Rudolph the Red-Nosed Reindeer is so ingrained in the story of Santa Claus and is such a classic example of overcoming adversity that it’s easy to forget he was actually a marketing tactic. Retail giant Montgomery Ward was hardly a small business in 1939, but its creation of Rudolph as a way to get kids and their families into the stores offers lessons for all business owners.
Here are Five Marketing Lessons We’ve Learned from Rudolph:
1. Guerrilla marketing has always been around; and it’s always been effective.
We’ve talked about guerilla marketing before (here and here, if you want a refresher!), and we’ll talk about it again. Why? Because when it’s done well and done creatively, it can be so effective. Montgomery Ward could have simply run some regular advertisements in the newspaper about upcoming holiday sales, but instead it wanted to create buzz that would get kids and their families excited to come into the store.
So, instead of advertising the sale, it advertised the free illustrated booklet that kids would receive in the store. Here’s what the store’s advertising department said in a 1939 memo about the project: “We believe that an exclusive story like this aggressively advertised in our newspaper ads and circulars, can bring every store an incalculable amount of publicity… and, far more important, a tremendous amount of Christmas traffic.”
That brings us to our next lesson:
2. Exclusivity reigns.
The more rare something is, the more value we tend to place on it (this is basic “scarcity principle” stuff). If you’re the only business selling or giving away a certain item — especially if it’s a limited-time deal — customers want to get in before it’s too late.
This is why we have lines snaking out the door to big retailers at midnight on Black Friday and why the release of certain new products (think about the early days of the iPhone) can cause so much buzz. Humans inherently don’t want to be left out. And Rudolph was no exception; Montgomery Ward gave away 2.4 million copies of his story that first year.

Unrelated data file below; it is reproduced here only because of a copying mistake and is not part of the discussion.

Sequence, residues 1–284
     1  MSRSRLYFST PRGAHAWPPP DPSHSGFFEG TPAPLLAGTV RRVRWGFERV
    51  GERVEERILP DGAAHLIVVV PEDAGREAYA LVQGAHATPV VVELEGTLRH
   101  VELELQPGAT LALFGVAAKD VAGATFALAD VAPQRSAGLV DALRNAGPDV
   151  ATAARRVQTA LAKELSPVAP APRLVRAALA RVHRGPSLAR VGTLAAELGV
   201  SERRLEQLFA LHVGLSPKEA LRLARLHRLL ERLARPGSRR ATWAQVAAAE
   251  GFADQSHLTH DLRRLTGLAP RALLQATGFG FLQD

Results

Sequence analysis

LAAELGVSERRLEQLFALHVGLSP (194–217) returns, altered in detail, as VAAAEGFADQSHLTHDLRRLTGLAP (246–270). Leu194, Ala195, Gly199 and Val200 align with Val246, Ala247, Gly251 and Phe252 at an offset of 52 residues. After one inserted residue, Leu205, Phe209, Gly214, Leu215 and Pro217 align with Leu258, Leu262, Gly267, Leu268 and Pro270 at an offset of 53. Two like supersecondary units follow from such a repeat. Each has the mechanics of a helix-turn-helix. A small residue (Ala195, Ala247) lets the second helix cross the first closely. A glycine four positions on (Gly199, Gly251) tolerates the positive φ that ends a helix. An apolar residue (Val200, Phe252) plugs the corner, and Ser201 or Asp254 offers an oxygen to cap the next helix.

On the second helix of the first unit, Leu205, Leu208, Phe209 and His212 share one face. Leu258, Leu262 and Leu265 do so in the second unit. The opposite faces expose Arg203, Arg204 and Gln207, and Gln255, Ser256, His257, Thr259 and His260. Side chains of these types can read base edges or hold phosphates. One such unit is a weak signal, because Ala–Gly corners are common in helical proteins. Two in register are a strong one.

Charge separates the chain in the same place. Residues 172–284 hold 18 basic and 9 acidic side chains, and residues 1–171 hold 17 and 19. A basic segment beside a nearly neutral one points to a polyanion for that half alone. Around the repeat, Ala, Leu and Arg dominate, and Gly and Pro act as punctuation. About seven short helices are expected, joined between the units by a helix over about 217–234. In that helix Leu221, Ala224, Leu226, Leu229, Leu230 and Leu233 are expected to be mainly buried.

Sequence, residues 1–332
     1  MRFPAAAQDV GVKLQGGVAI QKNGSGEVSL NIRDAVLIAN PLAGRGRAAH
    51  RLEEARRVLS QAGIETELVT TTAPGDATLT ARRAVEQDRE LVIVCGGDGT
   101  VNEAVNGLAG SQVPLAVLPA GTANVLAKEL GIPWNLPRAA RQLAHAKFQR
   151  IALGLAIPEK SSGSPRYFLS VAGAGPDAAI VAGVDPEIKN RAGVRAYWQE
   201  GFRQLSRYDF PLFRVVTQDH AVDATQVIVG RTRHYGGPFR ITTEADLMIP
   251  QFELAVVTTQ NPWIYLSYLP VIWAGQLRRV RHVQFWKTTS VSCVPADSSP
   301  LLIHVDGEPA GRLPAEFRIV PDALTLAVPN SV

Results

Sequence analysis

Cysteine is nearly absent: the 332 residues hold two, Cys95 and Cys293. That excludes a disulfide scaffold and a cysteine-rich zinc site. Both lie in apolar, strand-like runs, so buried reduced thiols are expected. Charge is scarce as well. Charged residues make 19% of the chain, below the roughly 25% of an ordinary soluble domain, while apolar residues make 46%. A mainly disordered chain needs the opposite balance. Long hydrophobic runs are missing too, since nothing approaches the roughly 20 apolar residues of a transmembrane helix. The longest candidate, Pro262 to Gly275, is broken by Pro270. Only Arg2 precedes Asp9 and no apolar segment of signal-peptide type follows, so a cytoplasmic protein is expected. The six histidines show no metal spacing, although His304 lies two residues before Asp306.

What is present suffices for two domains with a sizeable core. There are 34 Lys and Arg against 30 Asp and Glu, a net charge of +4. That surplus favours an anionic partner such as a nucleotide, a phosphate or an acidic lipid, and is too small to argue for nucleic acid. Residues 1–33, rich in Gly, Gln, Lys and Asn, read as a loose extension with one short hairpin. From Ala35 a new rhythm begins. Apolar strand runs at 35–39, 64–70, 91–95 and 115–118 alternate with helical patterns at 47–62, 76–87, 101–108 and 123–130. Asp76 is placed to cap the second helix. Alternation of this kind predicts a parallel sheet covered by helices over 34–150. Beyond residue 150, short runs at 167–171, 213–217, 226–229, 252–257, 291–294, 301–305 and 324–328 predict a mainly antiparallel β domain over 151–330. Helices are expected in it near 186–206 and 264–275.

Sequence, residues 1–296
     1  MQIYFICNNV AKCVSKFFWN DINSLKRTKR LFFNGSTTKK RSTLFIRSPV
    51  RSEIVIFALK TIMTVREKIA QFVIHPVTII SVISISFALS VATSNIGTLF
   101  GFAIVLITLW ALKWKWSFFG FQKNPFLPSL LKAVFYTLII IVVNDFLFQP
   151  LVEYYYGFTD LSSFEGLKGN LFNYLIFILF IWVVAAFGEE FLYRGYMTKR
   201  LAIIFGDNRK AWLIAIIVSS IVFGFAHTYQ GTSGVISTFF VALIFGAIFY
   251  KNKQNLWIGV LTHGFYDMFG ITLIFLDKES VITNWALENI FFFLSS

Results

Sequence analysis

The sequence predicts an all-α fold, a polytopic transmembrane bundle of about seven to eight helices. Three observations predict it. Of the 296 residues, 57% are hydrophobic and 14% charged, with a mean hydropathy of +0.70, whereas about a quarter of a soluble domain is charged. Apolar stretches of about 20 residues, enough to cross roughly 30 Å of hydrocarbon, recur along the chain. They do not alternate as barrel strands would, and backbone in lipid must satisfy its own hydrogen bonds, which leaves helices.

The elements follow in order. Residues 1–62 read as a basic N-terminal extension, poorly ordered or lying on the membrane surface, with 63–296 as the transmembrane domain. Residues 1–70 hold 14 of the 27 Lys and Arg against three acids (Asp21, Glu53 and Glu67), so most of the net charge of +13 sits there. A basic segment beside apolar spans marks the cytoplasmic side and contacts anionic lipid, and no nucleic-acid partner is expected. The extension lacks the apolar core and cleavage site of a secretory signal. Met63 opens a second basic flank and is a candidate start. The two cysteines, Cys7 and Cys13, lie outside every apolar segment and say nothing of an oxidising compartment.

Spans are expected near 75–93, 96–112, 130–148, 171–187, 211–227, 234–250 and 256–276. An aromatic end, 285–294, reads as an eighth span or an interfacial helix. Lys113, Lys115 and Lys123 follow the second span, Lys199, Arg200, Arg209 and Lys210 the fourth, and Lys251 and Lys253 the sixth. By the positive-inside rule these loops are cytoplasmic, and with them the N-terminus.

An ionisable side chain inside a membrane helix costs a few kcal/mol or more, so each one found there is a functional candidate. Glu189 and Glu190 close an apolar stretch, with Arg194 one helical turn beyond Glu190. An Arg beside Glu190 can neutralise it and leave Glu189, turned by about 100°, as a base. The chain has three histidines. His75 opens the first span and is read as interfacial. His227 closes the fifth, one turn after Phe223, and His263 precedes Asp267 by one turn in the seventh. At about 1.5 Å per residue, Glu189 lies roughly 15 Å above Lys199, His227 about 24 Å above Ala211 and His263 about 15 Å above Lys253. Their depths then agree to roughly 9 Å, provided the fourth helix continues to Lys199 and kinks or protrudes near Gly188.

3. Sometimes the cheaper option is the better option.
The store created the Rudolph booklet in-house because it thought it would be more cost-effective than what it had done in previous years: purchase and distribute coloring books to children during the holidays. Being budget-conscious isn’t a bad thing; in fact, for most small businesses, it’s vital to your success. Sometimes the need to pinch pennies can help us come up with creative ideas we wouldn’t otherwise have considered.
And that’s why:
4. It’s good to try new things.
Any business that does something a particular way because “that’s the way we’ve always done it” is asking for trouble. Especially when it comes to small business marketing, you should be intentional with every campaign and every tactic. A rut is not a good place to be when you’re trying to grow your business. Go out on a limb now and then, shake things up, try something quirky and fun; you might stumble onto a real hit.
5. We can use adversity to our advantage.
One of the most inspiring aspects of the Rudolph-creation story is what its writer, Robert May, was dealing with in his personal life. When he took on the assignment, his wife was battling cancer and the family was sliding deeply into medical debt. One month before he completed the story, she died and he became a single father.
The stress he was under must have been incredible; his boss offered to hand the project off to another writer, but Robert chose to see his creation through to the end. It’s possible that overcoming his own adversity made Rudolph’s struggles feel all the more compelling to readers.
Several years later, Robert received the copyright to the story and created a commercial version of the book, as well as merchandise and a popular recorded song. If Robert and Rudolph can overcome their challenges and become successful, then we can, too!
(If you want some help brainstorming a few new marketing ideas for 2019, I’m always just a click away!)